Saint Patricks Day.

I wonder if Saint Patrick really rid Ireland from a Snake infestation, I understand little of reptiles but from what I’ve seen they do a lot of thinking but most of it is in the wrong direction.

Mrs. Lebec made Corned Beef and Cabbage it was her first attempt, for the past 15-20 years our neighbor has been hosting us for the occasion. She makes it a day to remember for the Irish in us. I must admit Mrs. Lebec eclipsed the neighbors effort, it is excellent; we have a lot of left overs.

I am made up of 30% Irish (I don’t like getting pinched so I wore green.) 30% Northern European (My 10x great Grandfather was Hugh De Bolebec) a Norman during the invasion of England. (Angland in those days referred to Anglo, then changed to England a while later.) The remaining 30% is Menomonee Souix, my Grandfather was born on the reservation in Lady Love Wisconsin. My great Aunt was also sent to the Carlyle Indian Schools to be “White Washed.”

It is my theorey most of us in the United States share just about the same mixture of nationalities, when will we just have DNA classifying us as United States? Better yet North American, all of us Canadians, Mexicans and USA citizens alike, we are all North Americans.

The Corn Beef and Cabbage was the best ever made.

I took a bunch of pictures of small birds, I am beginning to really enjoy it. For being so very small they are a dynamic bunch constantly flittering about staying still only long enough to peck through the grass for seeds. I attempted to feed them during the C-19 quarantine but I was unable to glam onto wild bird seed. To have 10 pounds of the stuff sent UPS or snail mail (which I prefer) costs about the same as the purchase price. Normally delivery is well worth the price, but when the shipping exceeds the product costs I balk on that choice. I purchased Cat food instead, yeh I know it doesn’t make much sense, now you can believe me it doesn’t. The birds would not eat it however the up-side is every Squirrel, Raccoon, Possum and Skunk within 50 miles came over for a free meal. A few days later the word came down to stop feeding the birds due to a Salmonella outbreak, I will resume April 15.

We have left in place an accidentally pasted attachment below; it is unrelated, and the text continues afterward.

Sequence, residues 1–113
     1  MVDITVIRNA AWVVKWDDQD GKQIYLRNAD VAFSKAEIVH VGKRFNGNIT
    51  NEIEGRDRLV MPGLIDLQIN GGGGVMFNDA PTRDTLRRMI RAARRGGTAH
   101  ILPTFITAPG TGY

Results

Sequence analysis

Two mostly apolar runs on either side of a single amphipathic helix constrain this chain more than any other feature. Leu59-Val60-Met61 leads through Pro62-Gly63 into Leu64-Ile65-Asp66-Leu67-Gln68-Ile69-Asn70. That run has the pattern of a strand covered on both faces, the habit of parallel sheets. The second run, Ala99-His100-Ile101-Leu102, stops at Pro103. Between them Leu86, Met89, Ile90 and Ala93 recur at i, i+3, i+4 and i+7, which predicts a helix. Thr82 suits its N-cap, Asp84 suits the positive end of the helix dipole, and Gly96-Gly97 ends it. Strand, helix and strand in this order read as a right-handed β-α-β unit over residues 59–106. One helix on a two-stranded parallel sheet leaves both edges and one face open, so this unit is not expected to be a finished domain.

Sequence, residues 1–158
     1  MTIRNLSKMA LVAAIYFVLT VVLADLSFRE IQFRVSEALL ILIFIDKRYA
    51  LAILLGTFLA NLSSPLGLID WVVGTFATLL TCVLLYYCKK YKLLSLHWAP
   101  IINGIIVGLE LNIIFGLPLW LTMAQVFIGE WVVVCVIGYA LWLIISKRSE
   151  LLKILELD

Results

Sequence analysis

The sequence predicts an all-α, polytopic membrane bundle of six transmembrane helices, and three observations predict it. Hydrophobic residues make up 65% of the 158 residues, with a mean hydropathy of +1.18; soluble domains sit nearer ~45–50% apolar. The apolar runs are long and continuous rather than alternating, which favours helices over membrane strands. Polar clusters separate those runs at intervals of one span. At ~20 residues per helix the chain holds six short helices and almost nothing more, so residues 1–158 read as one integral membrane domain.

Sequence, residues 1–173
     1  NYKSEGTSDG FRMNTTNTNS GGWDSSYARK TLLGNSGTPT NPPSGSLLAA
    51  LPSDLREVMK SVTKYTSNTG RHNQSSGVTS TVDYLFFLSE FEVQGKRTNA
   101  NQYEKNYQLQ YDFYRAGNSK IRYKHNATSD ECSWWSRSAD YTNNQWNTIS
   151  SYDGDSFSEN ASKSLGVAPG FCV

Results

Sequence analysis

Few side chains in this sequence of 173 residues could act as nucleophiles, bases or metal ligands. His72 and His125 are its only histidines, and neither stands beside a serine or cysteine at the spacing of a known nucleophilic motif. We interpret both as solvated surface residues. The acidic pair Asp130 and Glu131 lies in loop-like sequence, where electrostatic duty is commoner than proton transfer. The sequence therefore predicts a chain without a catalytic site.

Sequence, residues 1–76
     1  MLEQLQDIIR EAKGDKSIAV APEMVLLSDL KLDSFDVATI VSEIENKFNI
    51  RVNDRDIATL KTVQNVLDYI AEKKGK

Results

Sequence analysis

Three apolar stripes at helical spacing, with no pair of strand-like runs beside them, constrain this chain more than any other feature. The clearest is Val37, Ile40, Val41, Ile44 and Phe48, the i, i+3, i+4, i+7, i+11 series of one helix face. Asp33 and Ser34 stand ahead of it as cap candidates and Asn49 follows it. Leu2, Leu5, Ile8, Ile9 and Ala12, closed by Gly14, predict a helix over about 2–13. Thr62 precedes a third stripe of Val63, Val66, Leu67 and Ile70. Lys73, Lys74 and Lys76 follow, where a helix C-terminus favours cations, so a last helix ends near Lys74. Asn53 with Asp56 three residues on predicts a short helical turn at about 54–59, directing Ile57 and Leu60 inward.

I’m still pursuing the Cormorants as the picture above illustrates. I’m thinking they are just tough birds to get an image of, I take that back, tough to get a decent image of. I looked at this one after opening it during editing and thought what in the sand dunes am I looking at? Now this is a good quality shot, dare I blame it on the bird? Not only do they appear as a blob of goo in a flying picture they actually look like a ball of goo in a good picture. The only reasons I posted it is because it’s there and I can.

Posting this image of a Mocking Bird gives me that feel good all over frame of mind. It was intentional to capture it with a grey background, the color of the sky and the bird nearly match. There are a large number of these guys around the slough, they and the Blue Jays are common. The Jays are more aggressive and meaner when compared to the Mocking Birds. I managed to take a few Blue Bird pictures as well but they were all deleted, the background did not do them justice in the least. It’s a tough background to work with, only outdone by a clear blue sky: of which the Jays compliment.

The Hawks have been extremely active for the past week, rarely seen together outside of nesting season they have been flying next to one another. I mentioned it in the past two blogs how they have been engaged in battle Royale, the airborne aspect of it. Perhaps they are hanging around so closely with one another until the eggs are in the nest, they will take turns sitting on them until the fledglings leave the nest in about 90 days.

I took a paid day off today, faced with a bit of too much weather Skunk puppy and I stuck our collective noses out the door early deciding the green light was not lit. We don’t do weather any longer, after spending 50 years in everything from Hurricanes to Blizzards it’s coffee, donuts and TV for us; only to comment every hour “Man is it nasty outside.”

Jacques Lebec Natural Self Reliance

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